Serving the Mission: Modernizing Federal Agencies
Federal agencies face major, and often unique, constraints in modernizing their infrastructures. This is even more apparent during the end of the government fiscal year, as agencies seek to maximize use of funds on projects that propel their modernization efforts. But they also face the same competitive pressures as private corporations, such as competition for skilled employees, meeting operational requirements and budget limitations.
Still, many agencies have found ways to navigate their unique challenges and still achieve outstanding results when modernizing their infrastructures. At CenturyLink, we have a long history of partnership with the government and collaboration with agencies, and we would like to share some of our efforts and successful partnerships as we move into FY2020.
For instance, a federal law enforcement agency required a complete revamp of their network and voice infrastructure, and replacement of aging hardware that had reached the end of its useful life. But it didn’t have the budget for the estimated $30 million in funding that such a move would normally require. We began consulting with the agency and worked to help find a solution.
It was quickly determined that delaying the modernization program to allow the federal budget process to allocate the funds in the future wasn’t feasible. The agency was already suffering from sporadic system outages that were actively interfering with its law enforcement mission. As an additional pressure, information technology professionals with the skills to manage the aging equipment were leaving the workforce. And in what proved to be an additional headache, the existing time-and-materials contract was cumbersome for the agency to track and manage.
Our solution was to move the agency from a government-owned-contractor-operated (GOCO) model to a contractor-owned-contractor-operated (COCO) contract. We were able to pay the $30 million capital investment for new hardware up front and assumed management of the legacy systems during the transition to ensure quality of service. This also saved the agency some $8 million in operating expenditures each year.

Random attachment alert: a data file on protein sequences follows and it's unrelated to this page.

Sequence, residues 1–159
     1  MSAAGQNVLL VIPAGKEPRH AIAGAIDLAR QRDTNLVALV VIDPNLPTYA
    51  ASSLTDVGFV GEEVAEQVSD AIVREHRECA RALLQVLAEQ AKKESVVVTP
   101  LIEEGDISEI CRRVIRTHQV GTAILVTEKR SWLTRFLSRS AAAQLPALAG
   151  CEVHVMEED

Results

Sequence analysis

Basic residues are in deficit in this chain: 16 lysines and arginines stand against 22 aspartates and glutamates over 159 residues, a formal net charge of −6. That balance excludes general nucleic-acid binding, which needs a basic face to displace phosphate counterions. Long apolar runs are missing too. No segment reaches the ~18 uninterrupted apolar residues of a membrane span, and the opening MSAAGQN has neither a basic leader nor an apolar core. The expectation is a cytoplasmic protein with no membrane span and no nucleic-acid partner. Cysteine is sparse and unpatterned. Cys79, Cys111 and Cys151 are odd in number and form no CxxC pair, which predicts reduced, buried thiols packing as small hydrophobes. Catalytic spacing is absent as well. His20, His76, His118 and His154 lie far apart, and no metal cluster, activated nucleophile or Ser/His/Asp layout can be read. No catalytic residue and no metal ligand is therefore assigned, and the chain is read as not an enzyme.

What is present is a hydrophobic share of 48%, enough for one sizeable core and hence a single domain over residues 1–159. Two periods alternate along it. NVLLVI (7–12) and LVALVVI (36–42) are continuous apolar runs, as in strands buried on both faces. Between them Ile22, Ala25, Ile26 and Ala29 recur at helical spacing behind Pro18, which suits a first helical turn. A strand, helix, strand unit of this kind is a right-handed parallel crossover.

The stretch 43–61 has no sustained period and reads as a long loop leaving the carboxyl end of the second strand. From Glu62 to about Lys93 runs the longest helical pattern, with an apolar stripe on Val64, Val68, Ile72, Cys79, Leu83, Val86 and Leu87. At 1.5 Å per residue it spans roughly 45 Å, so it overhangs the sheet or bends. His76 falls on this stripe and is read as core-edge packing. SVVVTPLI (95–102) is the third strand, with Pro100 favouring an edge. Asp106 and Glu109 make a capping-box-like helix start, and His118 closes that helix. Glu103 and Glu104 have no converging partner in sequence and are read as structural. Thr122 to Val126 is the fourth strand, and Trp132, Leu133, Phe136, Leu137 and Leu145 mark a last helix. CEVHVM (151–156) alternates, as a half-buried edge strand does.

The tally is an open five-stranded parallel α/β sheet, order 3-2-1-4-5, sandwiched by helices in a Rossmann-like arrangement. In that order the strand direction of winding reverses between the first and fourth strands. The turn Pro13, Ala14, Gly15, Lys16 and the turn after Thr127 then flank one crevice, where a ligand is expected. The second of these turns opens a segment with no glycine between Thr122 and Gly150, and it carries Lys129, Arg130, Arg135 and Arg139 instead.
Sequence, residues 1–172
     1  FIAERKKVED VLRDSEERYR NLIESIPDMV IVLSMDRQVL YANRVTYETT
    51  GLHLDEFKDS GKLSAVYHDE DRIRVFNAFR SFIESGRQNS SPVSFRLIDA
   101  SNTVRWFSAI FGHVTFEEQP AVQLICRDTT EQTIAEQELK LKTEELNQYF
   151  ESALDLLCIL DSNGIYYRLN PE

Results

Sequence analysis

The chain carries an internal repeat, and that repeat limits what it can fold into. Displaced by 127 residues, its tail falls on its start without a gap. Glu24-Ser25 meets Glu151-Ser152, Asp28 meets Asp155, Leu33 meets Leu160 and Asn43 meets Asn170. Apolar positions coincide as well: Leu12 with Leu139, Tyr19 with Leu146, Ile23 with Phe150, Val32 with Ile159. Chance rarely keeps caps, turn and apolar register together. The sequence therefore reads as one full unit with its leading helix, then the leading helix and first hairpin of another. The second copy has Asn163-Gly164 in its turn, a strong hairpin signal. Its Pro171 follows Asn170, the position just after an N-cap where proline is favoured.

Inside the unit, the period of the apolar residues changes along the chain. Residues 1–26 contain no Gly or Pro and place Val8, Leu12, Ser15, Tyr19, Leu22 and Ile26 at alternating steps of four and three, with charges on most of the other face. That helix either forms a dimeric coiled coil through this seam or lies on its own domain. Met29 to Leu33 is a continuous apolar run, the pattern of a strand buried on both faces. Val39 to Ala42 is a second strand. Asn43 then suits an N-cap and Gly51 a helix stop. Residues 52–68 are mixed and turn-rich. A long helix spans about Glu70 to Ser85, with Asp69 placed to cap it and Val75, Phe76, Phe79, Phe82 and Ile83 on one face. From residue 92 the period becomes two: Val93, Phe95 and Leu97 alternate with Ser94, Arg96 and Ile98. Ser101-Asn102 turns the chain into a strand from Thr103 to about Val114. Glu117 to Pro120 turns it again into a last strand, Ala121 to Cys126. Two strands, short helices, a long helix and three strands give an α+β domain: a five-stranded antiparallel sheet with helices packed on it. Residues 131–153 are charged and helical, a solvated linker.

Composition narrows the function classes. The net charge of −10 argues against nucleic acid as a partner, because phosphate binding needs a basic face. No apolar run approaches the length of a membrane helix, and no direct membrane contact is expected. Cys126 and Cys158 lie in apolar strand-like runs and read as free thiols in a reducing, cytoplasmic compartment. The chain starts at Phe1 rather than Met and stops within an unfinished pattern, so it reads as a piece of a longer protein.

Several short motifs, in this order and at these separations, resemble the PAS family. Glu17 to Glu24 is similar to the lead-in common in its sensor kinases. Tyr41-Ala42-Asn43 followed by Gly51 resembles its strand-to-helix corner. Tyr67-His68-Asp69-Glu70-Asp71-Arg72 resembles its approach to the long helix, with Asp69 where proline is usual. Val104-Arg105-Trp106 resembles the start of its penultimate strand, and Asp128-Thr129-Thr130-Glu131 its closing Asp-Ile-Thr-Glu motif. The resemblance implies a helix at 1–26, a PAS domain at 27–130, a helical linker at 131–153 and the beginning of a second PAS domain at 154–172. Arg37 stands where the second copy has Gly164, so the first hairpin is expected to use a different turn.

The old system was replaced with a self-healing network that linked the agency’s headquarters and multiple regional offices, migrated from TDM telecommunications to a VoIP system and set up a Managed-Network-as-a-Service for the end-state solution. The company also provided the agency with a dedicated staff and network operations center. All of these were shaped by the agency’s user-driven service-level agreements.
Since the move to the CenturyLink solution five years ago, the system has achieved 99.99% availability. It has also always beaten the required time-to-restore metric of under five hours in those rare instances when it encountered an outage.
Another success story began with an independent federal agency that needed a custom wide area network (WAN) build-out. The agency requirements included having always-available, highly accessible data, but its aging WAN infrastructure was unable to support new applications and capabilities, hurting employees’ productivity. In addition, the aging WAN had latency issues that caused problems when users needed to work with real time applications. The agency needed to get fast, secure connections to their cloud and SaaS providers as they began to move to a cloud-enabled environment.
For this customer, we were able to configure a multiprotocol label switching (MPLS) network over Ethernet, providing on-net connectivity to 17 locations. We provided added capacity, improved reliability and provided the flexibility for future changes, as well as achieved the agency’s requirements for improved latency and diversity of communication routes.
While federal agencies face both internal government pressures regarding budget and procurements, as well as the typical organizational challenges like competition for skilled employees, they can still be highly successful with complex modernization challenges. It just requires a little innovative thinking and creating strong partnerships with industry.
For us, it’s about serving the mission. We are committed to helping agencies harmonize past, present and future technologies, in order to modernize, improve efficiencies and focus more of their critical resources on their mission. As a nation, we are better served if agencies can focus on doing their jobs and less on which technologies they should use. Your success is our success.
To learn more about how CenturyLink can help federal agencies find a solutions to difficult challenges, check out more of our success stories. And here’s to happy new federal fiscal year.
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